In July, the North of England’s gas distributer, Northern Gas Networks, will begin work to dismantle St Anthony’s gas holder in Walker, Newcastle.
Following a community forum which Northern Gas Networks held for local residents earlier this year, Northern Gas Networks’ local Community Artist, Mick Hand has been working with local school children to help preserve the memory of the 112 year old holder, through art.
School children from West Walker Primary School have been painting pictures of the holder which will be exhibited at Pottery Bank Community Centreon Thursday 19 June, with prizes for the winners from each year.
The winners’ paintings will be displayed on banners around the gas holder site throughout the deconstruction process.
Tim Harwood, Programme Manager Major Projects at Northern Gas Networks said; “We are dismantling St Anthony’s gas holder as it no longer serves a purpose in maintaining gas supplies to the local community and the ongoing costs of keeping it in good repair have made it economically unviable.
“While speaking to local residents at our community forum earlier this year we learnt that the gas holder is an important landmark for Walker. To help remember the holder after it has gone our community artist, Mick Hand, has been working with local school children to recreate memories of the holder through art.
“We’re also encouraging local residents and workers to share their memories and photographs of the gas holder, by emailing them to email@example.com or contacting us through Facebook or Twitter. We hope to produce a commemorative book of all of our holders through the decades which will ultimately be available for anyone to download from our website.”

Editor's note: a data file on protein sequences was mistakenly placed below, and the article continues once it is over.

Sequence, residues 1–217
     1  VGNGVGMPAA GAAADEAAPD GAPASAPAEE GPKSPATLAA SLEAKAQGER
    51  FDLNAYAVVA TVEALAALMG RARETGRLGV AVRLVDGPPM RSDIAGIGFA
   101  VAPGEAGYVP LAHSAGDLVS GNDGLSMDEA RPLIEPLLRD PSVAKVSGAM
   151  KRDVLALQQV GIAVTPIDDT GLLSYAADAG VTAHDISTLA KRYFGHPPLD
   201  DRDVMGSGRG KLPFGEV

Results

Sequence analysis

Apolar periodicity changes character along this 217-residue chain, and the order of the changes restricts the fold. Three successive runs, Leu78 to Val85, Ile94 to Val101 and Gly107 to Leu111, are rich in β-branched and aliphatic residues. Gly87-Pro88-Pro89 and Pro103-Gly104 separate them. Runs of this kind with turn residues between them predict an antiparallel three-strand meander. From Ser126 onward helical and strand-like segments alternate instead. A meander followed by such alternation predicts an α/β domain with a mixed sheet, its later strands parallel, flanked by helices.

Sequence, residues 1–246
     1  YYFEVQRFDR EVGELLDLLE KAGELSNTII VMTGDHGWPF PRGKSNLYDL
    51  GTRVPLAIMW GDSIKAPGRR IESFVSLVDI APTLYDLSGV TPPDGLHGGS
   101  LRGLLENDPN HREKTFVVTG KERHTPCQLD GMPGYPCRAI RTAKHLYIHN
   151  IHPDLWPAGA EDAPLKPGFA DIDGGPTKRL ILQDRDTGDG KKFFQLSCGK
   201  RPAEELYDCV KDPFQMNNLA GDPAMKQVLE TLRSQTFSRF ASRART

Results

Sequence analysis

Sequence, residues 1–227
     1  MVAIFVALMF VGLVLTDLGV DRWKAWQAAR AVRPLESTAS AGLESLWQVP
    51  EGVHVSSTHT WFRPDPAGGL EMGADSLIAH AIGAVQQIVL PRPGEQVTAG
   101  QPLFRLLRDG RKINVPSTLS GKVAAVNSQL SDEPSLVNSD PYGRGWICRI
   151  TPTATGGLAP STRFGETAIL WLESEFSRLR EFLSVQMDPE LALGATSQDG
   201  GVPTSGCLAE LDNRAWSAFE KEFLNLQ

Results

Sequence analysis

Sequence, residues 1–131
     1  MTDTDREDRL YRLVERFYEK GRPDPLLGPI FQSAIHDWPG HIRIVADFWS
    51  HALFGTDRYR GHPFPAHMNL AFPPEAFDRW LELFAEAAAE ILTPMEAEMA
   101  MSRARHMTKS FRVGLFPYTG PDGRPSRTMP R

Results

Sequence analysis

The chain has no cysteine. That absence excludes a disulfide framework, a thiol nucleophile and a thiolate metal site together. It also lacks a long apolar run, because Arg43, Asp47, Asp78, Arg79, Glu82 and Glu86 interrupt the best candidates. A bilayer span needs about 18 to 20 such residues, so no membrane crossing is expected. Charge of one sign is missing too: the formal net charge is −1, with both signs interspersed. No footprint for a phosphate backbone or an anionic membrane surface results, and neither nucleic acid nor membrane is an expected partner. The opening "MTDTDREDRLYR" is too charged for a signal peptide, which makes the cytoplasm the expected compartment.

St Anthony’s is a 135ft (41m) tall, steel construction built in 1902 and could store up to 5.4 million cubic feet of gas – enough to supply more than 7000 homes for a full day, or 170,000 homes for an hour. The column-guided design of St Anthony’s gas holder allowed three separate massive diameter sections to lift telescopically as the holder filled with gas.
For around 100 years the holder was a vital part of the local gas supply system, responsible for supplying gas to thousands of residents in the area. In more recent years it has been used to bolster the network’s gas supplies during colder weather, and at peak times in the early evenings. Advances in technology and the enhanced capability of the modern-day gas network, however, mean that this gas holder is no longer required.
As part of the deconstruction work, a number of environmental initiatives are being considered such as treating and solidifying the oily sludge that has settled at the bottom of the gasholder tank, recycling all the steel and wraught iron from the gasholder and re-using the spoil dug up from Northern Gas Networks essential gas mains replacement works in the area, to backfill the site. This helps to reduce Northern Gas Networks’ carbon footprint, saving trips to landfill sites and the need to import expensive stone from local quarries.
The UK’s gasholders were originally built to store gas made from coal at a local gasworks. With the discovery of North Sea gas, the gas holders increasingly became redundant and were eventually phased out as new gas pipelines were laid to supply gas to homes.